Security: The Ethereum staking protocols are designed to strengthen the network’s ability to identify and punish, and, therefore, disincentivize bad actors.

Scalability: There are dapps in the Ethereum development space that are being held back because of transaction speed limitations. According to Vitalik Buterin, “The applications are there; all are on the backburner now precisely because scalability is not there. I personally have cut down evangelism precisely because I see that the main bottleneck is now not interest, but tech.” Though Ethereum staking was not designed specifically to mitigate Ethereum’s scalability issues, it does help to make scaling the network less difficult. Explicit finality will work to maintain the Ethereum network’s security while it scales up via sharding.

Chain Liveness: “Liveness” is the ability of the blockchain to keep processing transactions in all circumstances. With Ethereum staking, an attacker cannot lock up the chain by blocking it from continuing to propose and vote on blocks and checkpoints. The chain is also kept lively and growing because Ethereum staking nodes are required to log on only once in every two months.

Developmental Flexibility: Explicit finality will allow the Ethereum development community to further explore heterogeneous node responsibility scenarios where each node in the network does less or knows less. It is not necessary for every node to hold all of the state or all of the transactions, nor is it necessary for every Ethereum staking node to validate every transaction.

Challenges Introduced by Ethereum Staking

Nothing-at-stake: If the chain is forked, the optimal Ethereum staking strategy is to validate both chains, since the validator then gets the reward regardless of the outcome of the fork. This weakness will be mitigated by creating a downside for validating both chains in the case of a fork.

Censorship: Validators can potentially censor ether transactions by remaining offline. The Ethereum Foundation is working to establish an optimal cost-of-censorship relative to rewards balance that mitigates this risk.

Long Range Attack: As with a 51% attack, the attacker in a long range attack would try to make a longer chain that rewrites the ledger in their favor. But, instead of the attack starting, say, 5 blocks back, the attacker goes much further back in the chain’s history, say 50,000 blocks. This is a potential problem for Ethereum staking since there’s no proof-of-work or other time-intensive requirement to rewrite a very long chain. The long range attack issue will be solved via ideas from the “slasher” protocol and its improved variations because, with Ethereum staking, validators are known and fault attribution is made at the validator level.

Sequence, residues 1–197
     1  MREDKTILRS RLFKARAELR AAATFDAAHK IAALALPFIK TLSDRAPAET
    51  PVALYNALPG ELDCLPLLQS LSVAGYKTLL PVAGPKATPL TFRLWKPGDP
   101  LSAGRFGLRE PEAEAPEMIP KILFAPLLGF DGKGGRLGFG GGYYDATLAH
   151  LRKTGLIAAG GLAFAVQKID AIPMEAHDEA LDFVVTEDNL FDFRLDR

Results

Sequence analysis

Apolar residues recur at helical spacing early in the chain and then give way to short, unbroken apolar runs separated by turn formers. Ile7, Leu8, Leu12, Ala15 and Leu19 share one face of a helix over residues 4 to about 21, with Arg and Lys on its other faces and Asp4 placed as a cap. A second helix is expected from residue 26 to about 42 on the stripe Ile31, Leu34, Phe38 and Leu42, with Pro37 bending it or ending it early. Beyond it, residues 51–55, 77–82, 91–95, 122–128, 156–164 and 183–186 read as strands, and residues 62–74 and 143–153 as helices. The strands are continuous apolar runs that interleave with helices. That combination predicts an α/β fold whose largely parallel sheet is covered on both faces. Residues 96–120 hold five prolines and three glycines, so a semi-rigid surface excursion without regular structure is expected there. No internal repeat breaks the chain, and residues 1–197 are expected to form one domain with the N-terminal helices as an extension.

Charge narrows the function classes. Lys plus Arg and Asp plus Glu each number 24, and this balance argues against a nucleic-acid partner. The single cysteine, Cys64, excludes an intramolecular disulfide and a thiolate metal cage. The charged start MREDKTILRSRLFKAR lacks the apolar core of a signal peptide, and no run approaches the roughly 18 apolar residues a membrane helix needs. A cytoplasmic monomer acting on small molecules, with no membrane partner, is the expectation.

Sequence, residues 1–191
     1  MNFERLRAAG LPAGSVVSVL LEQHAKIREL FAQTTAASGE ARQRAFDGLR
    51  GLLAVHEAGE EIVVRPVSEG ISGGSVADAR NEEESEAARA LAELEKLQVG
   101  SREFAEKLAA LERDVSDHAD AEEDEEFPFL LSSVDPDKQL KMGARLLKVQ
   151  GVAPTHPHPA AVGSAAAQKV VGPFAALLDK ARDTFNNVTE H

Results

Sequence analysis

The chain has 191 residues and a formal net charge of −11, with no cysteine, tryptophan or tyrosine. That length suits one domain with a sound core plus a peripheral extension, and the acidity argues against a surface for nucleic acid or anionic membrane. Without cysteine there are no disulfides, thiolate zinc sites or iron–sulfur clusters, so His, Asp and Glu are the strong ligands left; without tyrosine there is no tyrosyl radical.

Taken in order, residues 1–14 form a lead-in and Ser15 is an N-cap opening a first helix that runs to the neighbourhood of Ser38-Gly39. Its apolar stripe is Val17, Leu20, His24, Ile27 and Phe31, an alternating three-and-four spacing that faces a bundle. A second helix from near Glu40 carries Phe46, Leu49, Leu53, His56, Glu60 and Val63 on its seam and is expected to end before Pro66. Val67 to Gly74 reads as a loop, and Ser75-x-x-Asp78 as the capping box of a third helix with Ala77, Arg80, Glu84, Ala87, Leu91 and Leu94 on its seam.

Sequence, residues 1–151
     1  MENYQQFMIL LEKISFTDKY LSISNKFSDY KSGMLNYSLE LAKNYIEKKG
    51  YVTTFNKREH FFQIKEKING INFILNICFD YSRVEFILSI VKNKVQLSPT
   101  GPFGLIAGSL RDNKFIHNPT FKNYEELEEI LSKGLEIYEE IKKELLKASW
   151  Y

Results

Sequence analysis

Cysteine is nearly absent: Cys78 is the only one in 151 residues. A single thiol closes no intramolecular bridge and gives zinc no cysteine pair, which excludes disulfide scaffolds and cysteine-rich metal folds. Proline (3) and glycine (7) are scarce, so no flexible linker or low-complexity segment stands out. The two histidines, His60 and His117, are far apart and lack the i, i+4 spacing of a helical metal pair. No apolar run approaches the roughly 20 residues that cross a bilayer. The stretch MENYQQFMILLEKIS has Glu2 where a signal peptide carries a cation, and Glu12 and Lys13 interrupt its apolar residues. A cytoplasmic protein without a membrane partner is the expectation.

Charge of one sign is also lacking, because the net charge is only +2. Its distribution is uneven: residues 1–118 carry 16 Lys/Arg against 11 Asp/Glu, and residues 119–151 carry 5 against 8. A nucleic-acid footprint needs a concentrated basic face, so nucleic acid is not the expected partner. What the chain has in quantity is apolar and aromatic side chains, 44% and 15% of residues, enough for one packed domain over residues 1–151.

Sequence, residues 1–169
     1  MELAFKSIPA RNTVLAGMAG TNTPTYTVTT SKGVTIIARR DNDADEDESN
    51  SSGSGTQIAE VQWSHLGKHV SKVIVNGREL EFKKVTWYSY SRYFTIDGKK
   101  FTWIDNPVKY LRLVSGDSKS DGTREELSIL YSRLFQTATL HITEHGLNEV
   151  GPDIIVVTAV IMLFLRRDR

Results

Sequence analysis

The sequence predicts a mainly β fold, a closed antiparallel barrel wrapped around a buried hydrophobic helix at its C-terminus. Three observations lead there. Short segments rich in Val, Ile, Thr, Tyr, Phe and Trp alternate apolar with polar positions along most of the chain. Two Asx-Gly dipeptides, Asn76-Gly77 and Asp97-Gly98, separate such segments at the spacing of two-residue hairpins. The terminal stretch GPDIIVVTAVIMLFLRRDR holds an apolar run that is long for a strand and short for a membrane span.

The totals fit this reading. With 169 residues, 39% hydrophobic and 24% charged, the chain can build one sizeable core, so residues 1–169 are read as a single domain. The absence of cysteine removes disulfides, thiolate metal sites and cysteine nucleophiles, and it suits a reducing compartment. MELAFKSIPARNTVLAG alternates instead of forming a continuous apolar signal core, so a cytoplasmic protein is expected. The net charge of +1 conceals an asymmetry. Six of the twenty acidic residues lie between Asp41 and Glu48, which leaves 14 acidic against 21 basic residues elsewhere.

“The Rich Get Richer”: Ethereum staking is a consensus algorithm that rewards validators based on how much ether they’re staking. This can be perceived as putting us on a path toward growing wealth inequality within the crypto ecosystem. But Ethereum staking is in effect much more egalitarian than Ethereum mining because it gives little to no benefit per ether staked to having more ether staked. Ethereum staking ends up being a reward system in which “a dollar is a dollar” no matter how many dollars’ worth of ETH is staked. So, even though it is fair to suspect that Ethereum staking could exacerbate wealth inequality, it is, in fact, an improvement in this regard compared with Ethereum mining.

Risk Aversion: Ethmining rewards can be stored in cold offline wallets. Ethstaking deposits and ethminting rewards, on the other hand, must be allowed to mature in an open wallet. With the potential for draconian penalties and the prospect of prolonged ether-at-risk exposure, many average or risk-averse ETH holders may stay away from participating as a validator. Also, those with more to gain by “gaming the system” are more strongly incentivized to join as a validator during the early part of the Casper rollout. The risk aversion problem is expected to be mitigated over time as more and more potential ethstakers see the success of the proof-of-stake security and observe how Ethereum staking works.


Ethereum staking is a momentous advance that has thousands of people asking, “How do I stake my Ethereum?” The lucrative promise of Ethereum staking is set to attract a whole new generation of Ethereum users and evangelists. As more and more ether is stored in Ethereum staking deposits, the price of ether will rise, and even more people will want to know how to stake Ethereum.

The final hard number for the amount of ETH required to stake has not yet been decided by the Ethereum Foundation, though it will be a number of ether that starts out higher before gradually being reduced to a much smaller amount. Anyone considering Ethereum staking for profit should consider buying as much Ether as their situation allows before the fork happens.

Whatever the number ends up being, ETH holders will be able to band together in “Ethereum staking pools.” You’ll pitch in your desired amount of ether, join your peers in locking it down, and rake in dividends that are shared in proportion to the size of the deposit of each member in the Ethereum staking pool.

The amount of ETH in your staking wallet will determine how large your dividends will be. As an Ethereum minter locking down your ether in a specialized wallet, you will have the first-hand knowledge necessary to confidently answer the question, “How do I stake my Ethereum?”